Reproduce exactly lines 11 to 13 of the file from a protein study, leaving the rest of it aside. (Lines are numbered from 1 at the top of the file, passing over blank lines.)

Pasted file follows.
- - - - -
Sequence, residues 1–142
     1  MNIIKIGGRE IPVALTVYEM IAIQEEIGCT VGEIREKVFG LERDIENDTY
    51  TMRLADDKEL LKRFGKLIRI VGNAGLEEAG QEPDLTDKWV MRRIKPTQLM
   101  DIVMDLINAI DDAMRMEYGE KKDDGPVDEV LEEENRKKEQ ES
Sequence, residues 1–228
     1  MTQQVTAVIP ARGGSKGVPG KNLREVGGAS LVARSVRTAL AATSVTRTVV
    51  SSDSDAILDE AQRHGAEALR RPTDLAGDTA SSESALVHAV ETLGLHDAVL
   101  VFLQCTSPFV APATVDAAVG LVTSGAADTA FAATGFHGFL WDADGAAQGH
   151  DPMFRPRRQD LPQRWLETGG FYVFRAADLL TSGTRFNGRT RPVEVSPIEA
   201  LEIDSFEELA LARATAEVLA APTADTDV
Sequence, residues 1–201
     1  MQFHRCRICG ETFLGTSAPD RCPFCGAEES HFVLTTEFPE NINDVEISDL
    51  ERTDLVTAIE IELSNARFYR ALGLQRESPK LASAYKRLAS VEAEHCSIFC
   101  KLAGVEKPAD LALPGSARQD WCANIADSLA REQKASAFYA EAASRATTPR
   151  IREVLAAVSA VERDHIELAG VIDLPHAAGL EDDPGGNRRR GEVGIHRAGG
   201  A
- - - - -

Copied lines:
Sequence, residues 1–201
     1  MQFHRCRICG ETFLGTSAPD RCPFCGAEES HFVLTTEFPE NINDVEISDL
    51  ERTDLVTAIE IELSNARFYR ALGLQRESPK LASAYKRLAS VEAEHCSIFC